05 marzo 2011

Stefan Uher - Keby som mal pusku (1972)

89 Min | 720x570 | mkv x-264 1900 kbps | 24 fps | Mp3 128 Kbps | 1,36 GB + 3%
Eslovaco | Subs: Castellano, English (muxed)

Una tragicómica historia acerca la infancia de un niño eslovaco de doce años durante la ocupación de su país por parte de los Nazis. Él frecuentemente fantasea con derrotar a los Nazis que ocupan su pueblo. Un día su tío, un contrabandista, llega con fusil para que lo oculte, él comienza a imaginar la posibilidad de matar al comandante Nazi local...

A tragicomic story about bos who even in times of war remember how to play soldiers, dream of heroic deeds, spy on girls, show off in front of friends, and make up adventures. With the same naive childishness they face the frim events of war and everyday village life. Despite the Communist regime, director Stefan Uher socceeded in turning Milan Ferko's and Elo Havetta's screenplay into a vivid picture with a theme often romanticized and distorted by ideology.

Keby som mal pusku (1971)

January 19, 1973

The Screen:New Theater Showing 'If IHad a Gun'

Published: January 19, 1973
New York is the greatest city in the world for seeing all kinds of movies, but it's also the toughest for a movie to survive in. The competition for audience attention is so fierce that, unless a film is a smash hit, it is almost instantly, a smash flop. The costs of theater operations and advertising are huge. Even with the price of tickets at first-run theaters between $3 and $4 each, most films, including many of the successful ones, lose money on their initial engagements.
It simply doesn't pay to open the offbeat American film or the unknown foreign film that can hope for a mixed press at best. A few brave souls do buck the system—most notably, Dan Talbot, owner of the New Yorker Theater on the Upper West Side. Add now the name of Associated Independent Theaters' First Avenue Screening Room, at 61st Street.
The new 200-seat house, which opened yesterday with Stefan Uher's 1971 Czechoslovak film, "If I Had a Gun," has an announced policy of showing what are euphemistically called difficult films—most of them local premieres—for engagements of one week each. The idea is to keep the overhead low and the quality high, in order to provide Manhattan audiences with the opportunity of seeing films that might otherwise be missed even in this city, the best of all possible movie-going worlds.

The intent, which is noble, is gently and honorably defined in the Screening Room's first attraction, a small, mostly comic memoir of a 15-year-old boy in a Czechoslovak village during the last months of the Nazi occupation. The film is full of memories, including at least one that is not entirely happy: the World War II period recalls so many other films made in Eastern Europe in the postwar, prethaw, Stalinist years, when the only safely noncontroversial subject was the German occupation. More specifically, it recalls other Czechoslovak films made before Alexander Dubcek's brief, brilliant Prague Spring.
Like Ivan Passer, Milos Forman and Jiri Menzel in their early work, Stefan Uher, the 42-year-old director of "If I Had a Gun," speaks around and through a screen of official blandness. He has not, admittedly, packed his film with coded messages, with disguised slices of political or social satire. However, the sort of humaneness and wit that the film deals in are muted but real reminders of other freer times and places.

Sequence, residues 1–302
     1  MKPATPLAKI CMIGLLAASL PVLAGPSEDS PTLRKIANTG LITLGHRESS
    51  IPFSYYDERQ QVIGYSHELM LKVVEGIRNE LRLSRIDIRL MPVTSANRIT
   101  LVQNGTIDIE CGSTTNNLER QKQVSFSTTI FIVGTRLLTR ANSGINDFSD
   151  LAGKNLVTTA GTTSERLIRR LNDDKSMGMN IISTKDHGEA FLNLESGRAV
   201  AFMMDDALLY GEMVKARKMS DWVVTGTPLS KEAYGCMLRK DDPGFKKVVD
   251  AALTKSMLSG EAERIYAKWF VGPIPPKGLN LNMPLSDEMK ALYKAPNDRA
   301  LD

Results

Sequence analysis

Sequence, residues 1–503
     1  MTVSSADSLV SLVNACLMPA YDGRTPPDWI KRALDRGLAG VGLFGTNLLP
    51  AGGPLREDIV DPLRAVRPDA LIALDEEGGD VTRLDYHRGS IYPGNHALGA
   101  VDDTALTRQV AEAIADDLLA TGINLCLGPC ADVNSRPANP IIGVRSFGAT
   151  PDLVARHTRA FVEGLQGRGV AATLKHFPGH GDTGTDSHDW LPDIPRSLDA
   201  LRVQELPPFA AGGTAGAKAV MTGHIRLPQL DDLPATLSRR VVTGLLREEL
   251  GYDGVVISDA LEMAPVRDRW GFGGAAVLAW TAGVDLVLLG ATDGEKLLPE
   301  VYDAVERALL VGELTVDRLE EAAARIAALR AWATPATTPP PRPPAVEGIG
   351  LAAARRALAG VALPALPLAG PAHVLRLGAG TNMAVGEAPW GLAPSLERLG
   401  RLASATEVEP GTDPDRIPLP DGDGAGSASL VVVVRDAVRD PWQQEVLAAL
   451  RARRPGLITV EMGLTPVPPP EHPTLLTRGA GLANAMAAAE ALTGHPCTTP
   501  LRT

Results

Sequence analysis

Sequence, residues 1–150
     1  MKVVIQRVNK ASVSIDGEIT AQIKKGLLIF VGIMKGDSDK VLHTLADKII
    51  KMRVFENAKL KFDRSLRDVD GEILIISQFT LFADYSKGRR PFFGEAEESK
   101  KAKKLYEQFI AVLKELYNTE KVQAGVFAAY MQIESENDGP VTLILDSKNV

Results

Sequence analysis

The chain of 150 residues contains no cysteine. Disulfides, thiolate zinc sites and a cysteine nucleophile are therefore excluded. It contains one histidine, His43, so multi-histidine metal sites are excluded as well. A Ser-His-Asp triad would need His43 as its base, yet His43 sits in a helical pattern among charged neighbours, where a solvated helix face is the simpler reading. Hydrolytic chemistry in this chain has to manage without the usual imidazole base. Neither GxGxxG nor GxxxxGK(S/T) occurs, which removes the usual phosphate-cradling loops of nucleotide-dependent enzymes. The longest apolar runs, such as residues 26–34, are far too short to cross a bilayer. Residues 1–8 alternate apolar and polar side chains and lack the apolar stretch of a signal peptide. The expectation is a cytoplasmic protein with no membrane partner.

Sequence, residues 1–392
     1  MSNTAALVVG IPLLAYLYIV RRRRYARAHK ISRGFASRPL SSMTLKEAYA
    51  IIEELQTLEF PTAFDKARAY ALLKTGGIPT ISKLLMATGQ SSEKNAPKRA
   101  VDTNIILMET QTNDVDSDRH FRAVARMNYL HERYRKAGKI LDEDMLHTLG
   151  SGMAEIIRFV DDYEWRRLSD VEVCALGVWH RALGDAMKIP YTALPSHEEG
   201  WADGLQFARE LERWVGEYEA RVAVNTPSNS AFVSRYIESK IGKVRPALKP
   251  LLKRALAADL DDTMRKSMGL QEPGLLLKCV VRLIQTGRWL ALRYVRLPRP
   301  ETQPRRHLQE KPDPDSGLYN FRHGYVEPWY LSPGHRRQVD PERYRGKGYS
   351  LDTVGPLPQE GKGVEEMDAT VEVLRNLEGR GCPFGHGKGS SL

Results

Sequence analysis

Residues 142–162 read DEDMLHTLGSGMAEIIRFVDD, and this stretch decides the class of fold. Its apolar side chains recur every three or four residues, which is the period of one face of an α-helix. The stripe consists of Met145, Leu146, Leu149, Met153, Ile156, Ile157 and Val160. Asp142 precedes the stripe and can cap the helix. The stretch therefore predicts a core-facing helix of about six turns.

"If I Had a Gun" is the story of Vlado (Marian Bernat), an intelligent, cheerful boy whose fantasies—which we share in the film's funniest moments—eventually overtake the reality of the humdrum life in his village. Near the occupation's end, Vlado's comic dreams of heroism and yengeance are realized, though with the addition of the kind of terror and sorrow we usually eliminate from our dreams of glory.
The film is not, however, especially sad, though its fine, short-focus, black-and-white photography would seem to evoke that mood in this era when almost everything is shot in color. Instead, it has the elegiac tone of a diary that is being read years after the events recorded and that makes no particular differentiation between the tragic and the comic, which time has somehow made equally important.
Thus Mr. Uher—quite consciously, I assume—devotes no more time or emphasis to a sequence in which Vlado and another younger boy are caught, in youth's equivalent of flagrante delicto, spying on two older girls who are bathing, than he does to the film's melodramatic, penultimate sequence. Memory has sealed but not erased the original feelings of trauma and desperation.
In the film's final lines, Vlado recalls that after the liberation he and his friends returned to school: "They said we had been lazy too long." Among other things, "If I Had a Gun" is about the remarkable resiliency of children in ordinary as well as extraordinary, situations. The film, the work of a director new to Manhattan, deserves the protection and the care of the Screening Room.

DVD rip y capturas de ronnie (KG)

 Keby som mal pusku.part1.rar
Keby som mal pusku.part2.rar
Keby som mal pusku.part3.rar
Keby som mal pusku.part4.rar
Keby som mal pusku.part5.rar
Keby som mal pusku.part6.rar
Keby som mal pusku.part7.rar
Keby som mal pusku.part8.rar

Stefan Uher en Arsenevich
Keby som mal pusku (1972)

2 comentarios:

Isabel dijo...

Bajando!!. Muchas gracias. Es un placer pasarse por aquí. Un saludo.

Anya dijo...

Thank you, Scalisto

For so many wonderfull films. It's become a habit to visit your blog; there is always something interesting and beautiful.